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An interesting case I handled this month involved a female employee who was working for a large company. 

She had a male supervisor who, in the past, had made sexually charged remarks to her and even groped her breasts once before. 

My client reported this to HR but declined to move forward with the claim because she feared retaliation from the supervisor moving forward. 

Well now, fast forward to this year.  The male supervisor is continuously calling my client into his office. 

When she is in there, she hears a clicking sound while her back is turned to him while doing clerical work in his office.  My client becomes suspicious and sets up her camera phone across the way from his desk to record what is happening in the office. 

It is important to note that video/audio taping another person in Florida generally is a crime as both parties need to consent to the recording.  In other states, that may not be the case.  One of the exceptions to this law in Florida allows video/audio recording the commission of a crime.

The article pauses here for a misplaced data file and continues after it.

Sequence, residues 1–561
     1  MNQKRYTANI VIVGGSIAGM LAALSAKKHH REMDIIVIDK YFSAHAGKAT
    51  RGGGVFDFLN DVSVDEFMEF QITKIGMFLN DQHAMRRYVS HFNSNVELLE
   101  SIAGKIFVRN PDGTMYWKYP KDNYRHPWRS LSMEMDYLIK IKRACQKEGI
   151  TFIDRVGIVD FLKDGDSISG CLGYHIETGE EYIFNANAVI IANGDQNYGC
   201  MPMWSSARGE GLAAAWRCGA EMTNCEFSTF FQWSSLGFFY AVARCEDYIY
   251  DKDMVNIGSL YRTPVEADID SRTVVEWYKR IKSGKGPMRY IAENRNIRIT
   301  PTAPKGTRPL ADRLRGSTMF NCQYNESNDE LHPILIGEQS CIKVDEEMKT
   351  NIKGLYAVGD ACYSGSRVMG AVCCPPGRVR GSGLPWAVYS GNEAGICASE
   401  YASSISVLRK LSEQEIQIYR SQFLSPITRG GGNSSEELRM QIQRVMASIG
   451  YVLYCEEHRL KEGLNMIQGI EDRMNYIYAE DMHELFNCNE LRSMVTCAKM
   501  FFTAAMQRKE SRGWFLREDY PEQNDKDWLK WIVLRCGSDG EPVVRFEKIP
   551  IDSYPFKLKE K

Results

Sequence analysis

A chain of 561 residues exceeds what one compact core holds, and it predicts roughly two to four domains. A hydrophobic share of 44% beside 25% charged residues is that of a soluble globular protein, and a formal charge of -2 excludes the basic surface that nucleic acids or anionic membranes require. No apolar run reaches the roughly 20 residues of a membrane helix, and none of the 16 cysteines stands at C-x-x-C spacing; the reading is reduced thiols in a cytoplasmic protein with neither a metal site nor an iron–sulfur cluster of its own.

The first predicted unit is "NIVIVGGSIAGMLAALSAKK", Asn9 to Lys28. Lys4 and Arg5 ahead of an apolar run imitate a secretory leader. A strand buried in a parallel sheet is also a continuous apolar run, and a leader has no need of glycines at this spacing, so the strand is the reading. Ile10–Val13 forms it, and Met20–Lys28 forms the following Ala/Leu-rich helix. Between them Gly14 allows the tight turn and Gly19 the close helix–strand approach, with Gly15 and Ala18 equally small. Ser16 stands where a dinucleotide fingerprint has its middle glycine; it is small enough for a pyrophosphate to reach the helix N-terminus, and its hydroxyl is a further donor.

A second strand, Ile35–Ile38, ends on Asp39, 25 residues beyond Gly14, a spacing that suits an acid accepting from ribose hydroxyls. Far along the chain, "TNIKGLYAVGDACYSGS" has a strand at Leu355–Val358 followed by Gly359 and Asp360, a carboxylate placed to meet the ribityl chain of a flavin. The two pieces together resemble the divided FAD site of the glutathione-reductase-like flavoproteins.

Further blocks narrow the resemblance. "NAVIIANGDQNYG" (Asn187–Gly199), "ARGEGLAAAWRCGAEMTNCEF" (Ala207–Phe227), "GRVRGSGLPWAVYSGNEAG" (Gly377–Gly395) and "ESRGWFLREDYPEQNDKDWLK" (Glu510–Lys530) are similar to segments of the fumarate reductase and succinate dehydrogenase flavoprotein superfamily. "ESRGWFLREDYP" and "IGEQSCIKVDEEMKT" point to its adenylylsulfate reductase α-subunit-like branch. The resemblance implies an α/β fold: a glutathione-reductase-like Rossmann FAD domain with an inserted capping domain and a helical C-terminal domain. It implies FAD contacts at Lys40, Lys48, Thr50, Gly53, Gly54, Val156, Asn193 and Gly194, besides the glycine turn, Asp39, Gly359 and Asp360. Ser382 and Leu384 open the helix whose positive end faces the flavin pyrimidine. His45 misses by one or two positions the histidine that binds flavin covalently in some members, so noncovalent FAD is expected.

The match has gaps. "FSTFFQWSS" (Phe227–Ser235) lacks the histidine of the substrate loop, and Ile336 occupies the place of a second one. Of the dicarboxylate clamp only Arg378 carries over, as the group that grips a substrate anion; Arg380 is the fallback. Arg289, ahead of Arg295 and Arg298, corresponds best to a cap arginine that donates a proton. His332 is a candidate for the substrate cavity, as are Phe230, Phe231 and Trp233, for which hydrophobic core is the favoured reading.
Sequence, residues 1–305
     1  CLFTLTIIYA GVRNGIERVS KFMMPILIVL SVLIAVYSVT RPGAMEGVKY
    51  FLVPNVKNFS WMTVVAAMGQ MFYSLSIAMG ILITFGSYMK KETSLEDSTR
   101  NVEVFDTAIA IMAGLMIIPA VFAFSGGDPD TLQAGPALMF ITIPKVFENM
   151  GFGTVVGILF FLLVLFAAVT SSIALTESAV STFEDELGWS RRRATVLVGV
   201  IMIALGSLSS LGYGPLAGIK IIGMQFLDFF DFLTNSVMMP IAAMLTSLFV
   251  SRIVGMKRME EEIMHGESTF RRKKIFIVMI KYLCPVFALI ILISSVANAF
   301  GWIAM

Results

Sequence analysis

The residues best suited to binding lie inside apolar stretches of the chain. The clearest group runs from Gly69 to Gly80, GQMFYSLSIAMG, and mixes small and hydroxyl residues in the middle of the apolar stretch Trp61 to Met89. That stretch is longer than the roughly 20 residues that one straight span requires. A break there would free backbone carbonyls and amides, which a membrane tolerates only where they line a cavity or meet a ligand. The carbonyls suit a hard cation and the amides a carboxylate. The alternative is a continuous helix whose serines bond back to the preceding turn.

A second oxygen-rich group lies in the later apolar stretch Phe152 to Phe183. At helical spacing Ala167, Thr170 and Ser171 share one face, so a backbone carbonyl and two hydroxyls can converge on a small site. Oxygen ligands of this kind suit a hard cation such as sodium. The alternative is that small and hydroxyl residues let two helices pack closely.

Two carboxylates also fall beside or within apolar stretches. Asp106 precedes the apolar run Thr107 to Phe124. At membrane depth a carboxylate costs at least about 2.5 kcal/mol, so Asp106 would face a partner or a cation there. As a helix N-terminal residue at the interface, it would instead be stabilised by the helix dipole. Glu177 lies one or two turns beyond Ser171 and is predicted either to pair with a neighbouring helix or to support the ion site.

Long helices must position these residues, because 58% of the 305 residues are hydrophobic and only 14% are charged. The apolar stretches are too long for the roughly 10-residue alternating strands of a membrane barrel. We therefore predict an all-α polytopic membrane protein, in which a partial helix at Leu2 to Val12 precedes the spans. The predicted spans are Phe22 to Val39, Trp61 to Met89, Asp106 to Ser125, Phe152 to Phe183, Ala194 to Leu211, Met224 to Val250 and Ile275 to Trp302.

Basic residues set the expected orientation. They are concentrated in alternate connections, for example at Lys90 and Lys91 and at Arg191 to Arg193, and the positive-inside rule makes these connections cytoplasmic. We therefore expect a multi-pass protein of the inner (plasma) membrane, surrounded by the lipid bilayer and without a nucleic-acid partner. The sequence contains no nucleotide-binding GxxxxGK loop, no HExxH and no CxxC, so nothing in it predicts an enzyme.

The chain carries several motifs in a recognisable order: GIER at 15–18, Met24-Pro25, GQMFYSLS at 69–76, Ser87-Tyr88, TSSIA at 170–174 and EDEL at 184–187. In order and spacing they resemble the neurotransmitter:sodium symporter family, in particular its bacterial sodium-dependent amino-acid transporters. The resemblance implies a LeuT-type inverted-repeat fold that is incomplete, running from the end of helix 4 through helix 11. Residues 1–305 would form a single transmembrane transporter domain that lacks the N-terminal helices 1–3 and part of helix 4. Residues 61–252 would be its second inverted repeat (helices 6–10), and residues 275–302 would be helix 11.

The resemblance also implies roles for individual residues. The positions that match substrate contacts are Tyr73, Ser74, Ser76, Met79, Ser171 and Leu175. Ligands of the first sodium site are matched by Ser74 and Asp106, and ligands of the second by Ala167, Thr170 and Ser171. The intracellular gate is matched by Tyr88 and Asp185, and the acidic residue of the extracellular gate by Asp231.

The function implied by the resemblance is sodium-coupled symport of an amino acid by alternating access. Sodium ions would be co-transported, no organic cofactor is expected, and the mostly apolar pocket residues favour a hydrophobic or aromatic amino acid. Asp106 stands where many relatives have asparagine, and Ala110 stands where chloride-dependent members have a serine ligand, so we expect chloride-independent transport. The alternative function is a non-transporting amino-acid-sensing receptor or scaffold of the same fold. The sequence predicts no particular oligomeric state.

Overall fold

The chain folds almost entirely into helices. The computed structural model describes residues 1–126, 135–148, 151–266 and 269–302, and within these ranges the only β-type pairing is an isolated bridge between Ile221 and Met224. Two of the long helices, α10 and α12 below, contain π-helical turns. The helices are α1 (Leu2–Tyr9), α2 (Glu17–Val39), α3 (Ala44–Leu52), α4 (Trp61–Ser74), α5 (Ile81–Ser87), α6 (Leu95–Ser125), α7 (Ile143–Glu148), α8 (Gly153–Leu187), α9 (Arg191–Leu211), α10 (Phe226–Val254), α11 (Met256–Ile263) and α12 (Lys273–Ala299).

What the recording on her camera phone showed was horrifying.  When my client would turn her back, the supervisor would stick his camera phone under her skirt and snap pictures of her private areas. 

In Florida, this is called video voyeurism and is a 3rd degree felony.

The video of him doing this was clear as day. 

My client, through me, immediately reported this to Human Resources, and the Manager (caught in the act by video) was fired, and the matter was resolved via resolution with my client.  

The company did what they were supposed to do when reported—they took prompt remedial action.  But, in this day and age of camera phones and videotaping, employees need to be aware of what is happening in the workplace. 

If you feel that something is improper, report it to human resources.  You have rights in the workplace.